February 19 – John 5:19-29


Main focus: Here we see the mission of the Son is to do the Father’s work, to accomplish redemption and one day sit in judgment over all.

Last week we looked at the Son pre-incarnate; this week we look at him incarnate. By turning to that tile, Son, we’ll have an opportunity like we had a few weeks ago with the title Father to ask, why does God use this name to describe the second member of the Trinity? In John 5 and Philippians 2 we’ll see that Jesus’s role as Son highlights his sent-ness, his fulfillment of the Father’s mission rather than his own, as well as his humble submission to the Father’s will.  We’ll then wrap up discussion looking at what Jesus’s role means for our lives.

All the names and titles of the members of the Trinity are burgeoningly intentional, so when speaking of the second member of the Trinity, Son is not merely a relevant descriptor following Jesus’s incarnation, as if he had to first be born as a human before he could be called the Son of God. Instead, Son helps us grasp something of the inter-trinitarian relationship prior to creation and the incarnation. In the High Priestly Prayer, Jesus prayed, “Father, glorify me…with the glory that I had with you before the world existed,” and “Father…you loved me before the foundation of the world” (John 17:4, 24).

Particularly in this context, we have to conclude that Jesus intends the terms Son and Father to communicate something about the essential, eternal nature of God. As mind-boggling as it is for Jesus to be “begotten, not made”, as the Nicene Creed outs it, this helps us understand that the internal relationship of the Trinity is mutual love and affection, the Father willing and the Son delighting to do what is willed, the Son glorifying the Father and the Father delighting to glorify the Son. 

But the title Son also relates to God’s work in time through salvation, which is itself patterned off the internal relationship of the Trinity. For example, God the Son is eternally begotten of the Father, in some sense both uncreated and ‘from,’ and thus is temporally sent from the Father to do the Father’s work. Here in John 5:19-29, Jesus gives us a kind of job description for that work—he came to accomplish redemption and give life to whom he will (5:21), and to one day sit in judgment over all souls (5:22). In an overarching sense, Jesus came to do the Father’s bidding in order to make the Father known (5:19; cf. 17:25-26).

Also, in discussion we’ll touch on Jesus’s mention of judgment and resurrection briefly, primarily because we tend to overlook the former. But, according to Jesus, judgment is part and parcel with his mission; he cannot save anyone if there isn’t something from which they must be saved.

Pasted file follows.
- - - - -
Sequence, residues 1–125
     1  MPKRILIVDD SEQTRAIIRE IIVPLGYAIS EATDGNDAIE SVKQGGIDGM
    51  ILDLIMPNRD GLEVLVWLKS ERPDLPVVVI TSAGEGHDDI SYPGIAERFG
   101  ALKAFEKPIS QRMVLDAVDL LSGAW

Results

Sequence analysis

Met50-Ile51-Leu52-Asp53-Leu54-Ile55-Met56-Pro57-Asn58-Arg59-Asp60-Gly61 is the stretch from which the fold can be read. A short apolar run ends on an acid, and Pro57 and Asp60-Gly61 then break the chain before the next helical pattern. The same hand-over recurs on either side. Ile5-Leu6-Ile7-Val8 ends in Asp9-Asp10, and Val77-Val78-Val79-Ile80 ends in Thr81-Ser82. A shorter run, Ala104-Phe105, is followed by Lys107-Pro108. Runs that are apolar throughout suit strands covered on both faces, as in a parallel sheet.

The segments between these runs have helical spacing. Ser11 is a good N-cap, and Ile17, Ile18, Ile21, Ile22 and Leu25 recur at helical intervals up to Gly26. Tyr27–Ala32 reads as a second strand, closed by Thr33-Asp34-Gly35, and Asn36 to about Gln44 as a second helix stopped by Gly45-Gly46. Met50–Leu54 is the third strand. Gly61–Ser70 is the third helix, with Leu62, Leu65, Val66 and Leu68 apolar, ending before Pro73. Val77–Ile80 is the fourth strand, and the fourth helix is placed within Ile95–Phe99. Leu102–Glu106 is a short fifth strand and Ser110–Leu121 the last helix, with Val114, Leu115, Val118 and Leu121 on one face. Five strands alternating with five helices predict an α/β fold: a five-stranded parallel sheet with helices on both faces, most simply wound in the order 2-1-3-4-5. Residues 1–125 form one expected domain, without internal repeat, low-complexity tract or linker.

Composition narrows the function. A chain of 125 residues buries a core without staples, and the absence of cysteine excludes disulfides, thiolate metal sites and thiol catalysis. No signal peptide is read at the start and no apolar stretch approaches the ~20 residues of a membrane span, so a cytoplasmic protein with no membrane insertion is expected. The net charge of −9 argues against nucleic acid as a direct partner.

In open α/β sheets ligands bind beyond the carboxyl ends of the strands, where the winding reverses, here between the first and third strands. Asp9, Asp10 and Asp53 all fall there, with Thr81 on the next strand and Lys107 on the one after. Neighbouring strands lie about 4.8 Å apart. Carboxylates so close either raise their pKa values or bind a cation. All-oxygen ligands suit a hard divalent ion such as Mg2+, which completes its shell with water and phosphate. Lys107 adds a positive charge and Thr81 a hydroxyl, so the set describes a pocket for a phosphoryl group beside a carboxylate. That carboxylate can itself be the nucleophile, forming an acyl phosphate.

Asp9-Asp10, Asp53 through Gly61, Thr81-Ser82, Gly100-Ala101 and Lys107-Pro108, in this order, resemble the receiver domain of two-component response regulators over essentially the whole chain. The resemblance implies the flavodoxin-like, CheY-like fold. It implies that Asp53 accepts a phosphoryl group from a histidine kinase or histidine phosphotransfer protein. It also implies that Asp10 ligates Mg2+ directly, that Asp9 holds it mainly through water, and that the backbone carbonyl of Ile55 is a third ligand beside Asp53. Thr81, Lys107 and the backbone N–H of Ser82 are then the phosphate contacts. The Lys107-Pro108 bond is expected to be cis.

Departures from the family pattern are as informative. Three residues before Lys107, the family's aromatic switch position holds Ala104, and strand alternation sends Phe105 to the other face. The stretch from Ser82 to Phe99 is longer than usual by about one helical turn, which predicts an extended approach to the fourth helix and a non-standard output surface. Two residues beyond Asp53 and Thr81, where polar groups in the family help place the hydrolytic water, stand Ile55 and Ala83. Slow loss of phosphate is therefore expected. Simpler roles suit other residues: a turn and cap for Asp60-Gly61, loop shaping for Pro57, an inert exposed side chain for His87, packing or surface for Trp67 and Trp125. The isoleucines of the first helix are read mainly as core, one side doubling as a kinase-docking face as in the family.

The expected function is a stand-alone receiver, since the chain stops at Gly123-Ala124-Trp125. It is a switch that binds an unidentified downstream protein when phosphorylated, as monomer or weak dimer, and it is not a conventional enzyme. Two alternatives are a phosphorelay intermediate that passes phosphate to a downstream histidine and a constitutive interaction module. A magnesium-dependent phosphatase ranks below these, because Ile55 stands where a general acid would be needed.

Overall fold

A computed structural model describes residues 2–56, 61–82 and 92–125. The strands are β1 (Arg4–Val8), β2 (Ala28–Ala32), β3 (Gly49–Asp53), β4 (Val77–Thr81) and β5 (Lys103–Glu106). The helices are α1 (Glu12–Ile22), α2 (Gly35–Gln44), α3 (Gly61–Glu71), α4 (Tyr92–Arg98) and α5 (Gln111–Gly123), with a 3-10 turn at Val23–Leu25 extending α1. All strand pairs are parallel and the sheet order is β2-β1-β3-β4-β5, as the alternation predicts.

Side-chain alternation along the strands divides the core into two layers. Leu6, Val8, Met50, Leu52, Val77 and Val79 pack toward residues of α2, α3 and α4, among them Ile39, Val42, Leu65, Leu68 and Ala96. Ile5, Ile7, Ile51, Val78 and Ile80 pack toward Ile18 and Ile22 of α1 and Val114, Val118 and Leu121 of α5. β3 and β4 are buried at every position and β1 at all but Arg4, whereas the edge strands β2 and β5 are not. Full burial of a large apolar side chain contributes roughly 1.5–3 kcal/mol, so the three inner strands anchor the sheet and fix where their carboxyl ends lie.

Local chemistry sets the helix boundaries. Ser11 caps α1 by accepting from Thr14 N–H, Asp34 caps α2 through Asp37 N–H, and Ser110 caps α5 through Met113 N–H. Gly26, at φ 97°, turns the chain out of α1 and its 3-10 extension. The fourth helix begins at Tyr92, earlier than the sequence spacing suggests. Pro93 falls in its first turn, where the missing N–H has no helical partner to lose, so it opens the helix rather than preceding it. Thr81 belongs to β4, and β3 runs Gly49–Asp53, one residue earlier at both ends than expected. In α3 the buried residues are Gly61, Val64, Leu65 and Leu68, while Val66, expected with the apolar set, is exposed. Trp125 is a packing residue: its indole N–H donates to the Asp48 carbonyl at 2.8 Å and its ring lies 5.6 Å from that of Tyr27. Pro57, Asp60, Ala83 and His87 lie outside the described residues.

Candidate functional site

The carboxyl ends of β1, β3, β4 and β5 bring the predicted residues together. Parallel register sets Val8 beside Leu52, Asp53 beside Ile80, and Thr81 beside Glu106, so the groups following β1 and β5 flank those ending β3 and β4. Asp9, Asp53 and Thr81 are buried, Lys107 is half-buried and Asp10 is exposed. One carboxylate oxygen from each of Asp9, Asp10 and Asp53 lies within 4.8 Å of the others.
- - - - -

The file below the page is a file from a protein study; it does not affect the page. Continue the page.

We’ll also use this passage to discuss how Jesus’s son-ness affects the way we relate to him; by emptying himself and coming down to our level, we can know with confidence that we have access to God for finding mercy; that God’s love is so great he would willingly condescend to become like us, the master becoming the servant of his own creation; and that in Jesus our elder brother we have a high priest who can sympathize with us in our weakness.

As Paul finishes in Philippians 2:12-13, Jesus’s humble service provides a way for salvation but, more than that, is meant to lead us somewhere. Under this banner of Jesus’s Sonhood we’ll wrap up our discussion by considering what it means for us to be children of God following in the footsteps of our elder brother, walking in the example of his humble service and growing in our likeness to him.

We’ll then turn to Philippians 2 to focus in on Jesus’s sonly role as a servant. Here we see his equality with the Father and his self-emptying act of incarnation—the Athanasian Creed describes him as “equal to the Father as regards divinity, less than the Father as regards humanity.” The vision of our savior in this passage, humbly submitted to the Father and subsequently exalted in grandeur over all creation, should challenge any two-dimensional views we have of him and lead us to worship our servant sovereign. 

Questions for Discussion

• Could someone read John 5:19-29 for us?

• What stood out to you from the passage?

• Based on this passage, what is the job description of the Son of God?

• Why do you think Jesus brings up judgment and resurrection?

• Could someone read Philippians 2:1-13 for us?

• How does this passage add to our understanding of Jesus’s role?

• How might Jesus’s son-ness influence your relationship with him?

• According to this passage, what does Jesus’s example have to do with our lives?

• In what ways do you want God to grow you in practicing Jesus’s sort of servant humility?